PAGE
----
• by moon3 ( 1530265 )
          Well you can sue US or EU government entities and cite damages in millions of Euros or $$$, this is done all the time. Try to do that in China..
        • I wouldn't go to a protest.

          The more people that have this attitude, the more trouble we'll all be in.

          The people that protest are very rarely ones seeking security clearances. They do not give their secrets to people who do not agree with them unless they have to. So if they have a large enough pool of people who willingly conform, they will just pick from those.

          We are not yet in an Orwellian nightmare, but we may be if we are unwilling to express our dissent. They will always attempt to take away freedom. If a security clearance is

      • What is China doing here is taken straight from the Evil empire's best practices manual.

        Microsoft?

    • Re: (Score:2, Insightful)

      by narfspoon ( 1376395 )
      BadAnalogyGuy wrote:

      The FCC is the American version of China's MIIT.

      If you think the MIIT has that much power over the Chinese people, how much more power does the FCC have over the entire world?

      It's funny, there are so many similarities between China and the U.S. Both are huge world powers that use their military and economic power to intimidate neighbors. Both are led by an oligarchy of unremovable political parties. And both have populaces that are brainwashed and fiercely patriotic.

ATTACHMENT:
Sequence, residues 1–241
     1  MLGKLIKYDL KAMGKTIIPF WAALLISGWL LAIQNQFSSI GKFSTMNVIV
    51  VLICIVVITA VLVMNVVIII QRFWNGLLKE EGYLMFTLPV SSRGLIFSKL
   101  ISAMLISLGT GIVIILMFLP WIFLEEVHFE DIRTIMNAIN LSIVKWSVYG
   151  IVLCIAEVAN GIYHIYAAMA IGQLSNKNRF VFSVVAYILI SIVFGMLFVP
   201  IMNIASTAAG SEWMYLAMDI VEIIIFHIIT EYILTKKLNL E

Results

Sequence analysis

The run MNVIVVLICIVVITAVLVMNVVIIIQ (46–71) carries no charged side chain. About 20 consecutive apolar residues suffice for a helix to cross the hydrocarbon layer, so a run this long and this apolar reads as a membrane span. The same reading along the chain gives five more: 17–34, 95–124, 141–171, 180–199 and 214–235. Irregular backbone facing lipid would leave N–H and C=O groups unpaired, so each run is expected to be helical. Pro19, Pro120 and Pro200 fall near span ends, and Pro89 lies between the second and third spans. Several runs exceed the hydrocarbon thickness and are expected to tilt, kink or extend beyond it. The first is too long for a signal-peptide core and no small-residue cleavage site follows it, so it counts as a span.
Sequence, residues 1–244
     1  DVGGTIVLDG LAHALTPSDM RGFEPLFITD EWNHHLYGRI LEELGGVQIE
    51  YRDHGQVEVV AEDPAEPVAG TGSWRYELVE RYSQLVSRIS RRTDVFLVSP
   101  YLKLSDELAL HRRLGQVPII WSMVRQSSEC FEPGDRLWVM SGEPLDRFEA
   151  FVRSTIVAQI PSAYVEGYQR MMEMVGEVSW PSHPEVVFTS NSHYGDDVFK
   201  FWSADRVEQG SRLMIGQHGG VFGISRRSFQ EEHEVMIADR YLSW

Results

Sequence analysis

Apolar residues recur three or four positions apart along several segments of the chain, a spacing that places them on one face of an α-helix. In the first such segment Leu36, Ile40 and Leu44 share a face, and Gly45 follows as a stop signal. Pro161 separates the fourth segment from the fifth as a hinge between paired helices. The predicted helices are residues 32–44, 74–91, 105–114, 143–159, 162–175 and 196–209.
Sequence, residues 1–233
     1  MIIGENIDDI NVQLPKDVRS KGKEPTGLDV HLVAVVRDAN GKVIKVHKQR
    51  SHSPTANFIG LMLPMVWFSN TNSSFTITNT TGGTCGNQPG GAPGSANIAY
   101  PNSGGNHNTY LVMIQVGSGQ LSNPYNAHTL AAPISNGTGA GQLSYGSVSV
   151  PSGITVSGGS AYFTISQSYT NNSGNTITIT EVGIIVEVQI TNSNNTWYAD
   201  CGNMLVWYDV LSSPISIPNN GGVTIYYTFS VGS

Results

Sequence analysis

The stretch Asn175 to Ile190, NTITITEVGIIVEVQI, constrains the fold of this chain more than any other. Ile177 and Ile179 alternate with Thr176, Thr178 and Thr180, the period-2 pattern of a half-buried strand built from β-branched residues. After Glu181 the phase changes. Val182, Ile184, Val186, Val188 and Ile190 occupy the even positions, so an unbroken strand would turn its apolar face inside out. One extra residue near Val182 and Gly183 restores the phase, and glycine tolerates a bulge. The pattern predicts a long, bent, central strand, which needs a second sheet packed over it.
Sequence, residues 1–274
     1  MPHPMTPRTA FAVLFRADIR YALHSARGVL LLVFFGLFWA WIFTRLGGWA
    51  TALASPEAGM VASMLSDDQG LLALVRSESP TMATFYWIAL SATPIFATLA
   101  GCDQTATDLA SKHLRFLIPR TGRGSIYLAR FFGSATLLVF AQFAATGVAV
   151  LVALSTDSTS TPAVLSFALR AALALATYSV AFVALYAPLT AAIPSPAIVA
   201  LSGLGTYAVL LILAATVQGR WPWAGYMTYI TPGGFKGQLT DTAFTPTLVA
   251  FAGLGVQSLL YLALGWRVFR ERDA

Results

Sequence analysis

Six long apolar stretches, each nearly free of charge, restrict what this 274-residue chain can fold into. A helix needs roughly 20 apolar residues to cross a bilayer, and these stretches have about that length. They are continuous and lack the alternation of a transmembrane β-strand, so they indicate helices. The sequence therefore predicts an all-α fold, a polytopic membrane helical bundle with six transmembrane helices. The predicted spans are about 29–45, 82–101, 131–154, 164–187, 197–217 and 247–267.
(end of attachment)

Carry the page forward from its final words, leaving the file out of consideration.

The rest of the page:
China is a good mirror of ourselves, so when this type of thing comes up, it's a good idea to take note and think about how we ourselves are being manipulated right here at home.

      Your nickname is a bit ironic here.
      Try to not paint everyone with the same brush who displays a certain characteristic.
      Case in point: Tank Man [wikipedia.org] versus 1999 WTO Protests in Seattle [wikipedia.org].

      Neither was peaceful, but the fact I'm able to read about and discuss these past events instead of being state-censored is a pretty significant difference between the USA and China.
      I realize nothing I say will change your mind, so enjoy your stereotypical view of America. [tinypic.com]